It may be that Bogotá is the capital of Colombia, but Medellín, the second-largest city in the country, is the capital of Colombian rap. Away from the big labels and thanks to the ease that technology gives to record and produce songs, many young people from slums in Medellín have been able to position themselves in the showcase global without having to invest a lot of money.
Although Medellín is now known as one of the reggaeton Meccas, there is another “urban” genre that dominates home studies in the Antioquia capital: hip-hop. The last few years have brought a wave of excellent rap paisa with beats ranging from catchy to environmental and rhyme that talk about social problems, the neighborhood, life, and much more.
For example, the boys from Alkolyrikoz, a trio from the Aranjuez neighborhood, have been doing rap for 11 years and sponsoring new rappers from the city. Although they did not release an album in 2016, they did release a new single, “Equipo de Carretera.” Their beats and samples demonstrate the group’s love for jazz, soul, and funk (in addition to its reference to the Nas classic “The World is Yours”). And in his rhymes, he reminds us of his impeccable sense of humor, his versatility, and his ability to rap as hard as anyone.
On the other hand, in Envigado, one of the Medellín suburbs, Anyone Cualkiera, Sison Beats, and Kairo One form No Rules Clan, a crew (part of the Moebiuz collective) dedicated to rapping, graffiti and promoting urban culture in general in Medellín.
In their most recent EP, Rap Nativo, from 2016, they dedicate themselves to rapping on rap’s favorite songs, which is rap itself. They talk about rhymes, beats, scratches on the walls and records, and the acronyms that they represent on various walls of Medellín, N · R · S.
Another member of Moebiuz and a native of Envigado, Zof Ziro (who allegedly assumed this alias in honor of Mortal Kombat’s Sub-Zero), released an album that was on several lists of the best Colombian music of 2016: La bomba de Ziroshima. The beats on the album are made from jazz samples and acoustic music, which gives it an ambient and introspective air. This is an atmosphere that is reflected in the lyrics from the first line of the first song, “Fatality”: “I like white days, long nights, simple sounds for bitter truths,” and that continues throughout the intricate rhymes that they follow him.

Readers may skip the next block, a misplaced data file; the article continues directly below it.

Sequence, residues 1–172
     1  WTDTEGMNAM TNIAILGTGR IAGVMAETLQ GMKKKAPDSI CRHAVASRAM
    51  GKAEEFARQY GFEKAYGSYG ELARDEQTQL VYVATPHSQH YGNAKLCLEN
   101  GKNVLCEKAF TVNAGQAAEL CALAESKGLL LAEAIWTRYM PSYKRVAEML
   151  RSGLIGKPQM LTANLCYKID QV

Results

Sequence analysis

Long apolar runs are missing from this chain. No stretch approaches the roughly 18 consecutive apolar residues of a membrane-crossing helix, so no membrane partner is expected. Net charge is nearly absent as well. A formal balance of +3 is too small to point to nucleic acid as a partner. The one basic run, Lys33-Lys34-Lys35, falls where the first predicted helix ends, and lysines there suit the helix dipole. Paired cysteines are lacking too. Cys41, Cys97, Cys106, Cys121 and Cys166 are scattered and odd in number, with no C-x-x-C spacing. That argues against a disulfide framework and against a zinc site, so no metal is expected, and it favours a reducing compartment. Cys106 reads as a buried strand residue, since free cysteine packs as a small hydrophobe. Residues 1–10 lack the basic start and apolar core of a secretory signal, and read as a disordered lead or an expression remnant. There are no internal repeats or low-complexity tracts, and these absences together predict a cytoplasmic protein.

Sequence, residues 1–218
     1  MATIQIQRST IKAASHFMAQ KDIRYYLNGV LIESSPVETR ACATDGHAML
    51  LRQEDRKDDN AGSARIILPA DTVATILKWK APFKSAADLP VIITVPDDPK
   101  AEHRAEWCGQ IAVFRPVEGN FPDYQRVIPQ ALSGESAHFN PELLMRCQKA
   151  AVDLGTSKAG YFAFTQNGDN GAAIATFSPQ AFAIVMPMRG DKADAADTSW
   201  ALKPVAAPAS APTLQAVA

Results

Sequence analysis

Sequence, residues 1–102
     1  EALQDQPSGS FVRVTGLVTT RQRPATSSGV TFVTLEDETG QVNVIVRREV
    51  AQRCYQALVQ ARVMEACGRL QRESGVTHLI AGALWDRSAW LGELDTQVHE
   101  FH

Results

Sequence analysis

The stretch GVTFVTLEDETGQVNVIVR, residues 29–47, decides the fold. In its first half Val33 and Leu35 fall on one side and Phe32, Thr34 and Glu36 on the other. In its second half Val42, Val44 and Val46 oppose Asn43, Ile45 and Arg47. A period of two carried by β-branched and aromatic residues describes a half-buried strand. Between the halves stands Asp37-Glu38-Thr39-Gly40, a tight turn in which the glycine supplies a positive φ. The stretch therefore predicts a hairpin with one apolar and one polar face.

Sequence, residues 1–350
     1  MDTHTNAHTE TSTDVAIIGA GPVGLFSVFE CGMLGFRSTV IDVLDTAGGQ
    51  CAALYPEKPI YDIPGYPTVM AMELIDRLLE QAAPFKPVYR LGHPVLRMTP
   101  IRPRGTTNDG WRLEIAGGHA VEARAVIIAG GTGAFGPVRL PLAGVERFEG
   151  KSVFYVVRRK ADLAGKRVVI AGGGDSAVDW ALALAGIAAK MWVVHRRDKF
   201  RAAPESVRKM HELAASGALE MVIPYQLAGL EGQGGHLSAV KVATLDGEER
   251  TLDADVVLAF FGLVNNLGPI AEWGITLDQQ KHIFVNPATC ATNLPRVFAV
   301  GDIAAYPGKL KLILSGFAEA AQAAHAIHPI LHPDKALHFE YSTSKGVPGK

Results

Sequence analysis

But we can’t stop there. Henry Arteaga, better known as JKE, another resident of the Aranjuez neighborhood, leads the Crew Peligrosos. JKE came to rap from b-boying, and perhaps, for this reason, he decided to open a “university” of Colombian rap in his neighborhood: 4eskuela. The school was named after the Comuna 4 of Aranjuez and the four hip-hop elements teach dance, graffiti, rapping, and DJing. These components of urban art are taught to children in the area. Crew Peligrosos’ commitment to social issues is not only seen in their efforts in the neighborhood, but it is also heard in their albums. In their most recent record, Madafunkies, their aggressive beats are mixed with lyrics about the hard life of living in the neighborhood, the social problems they face with a few tips on how to improve the experience of the community.
But perhaps one of the most discussed, criticized, and praised rappers in recent years is Crudo Means Raw. Fernando Bustamante, a New York native who grew up in Medellín, had been known primarily as a beatmaker (the producer of tracks that other artists rap about) until his 2016 album Everybody’s Got to Eat. Although Crudo had contributed to the crowd From Moebiuz on several occasions, this album takes a very different direction: deep basses, almost soulful or R&B, singing, sensual and straightforward lyrics, and a nearly baroque production, full of details and textures. Due to its deviation from the ongoing style, the album has divided the opinion of followers of Colombian rap. But perhaps this means that there is already a large and growing scene for this music.
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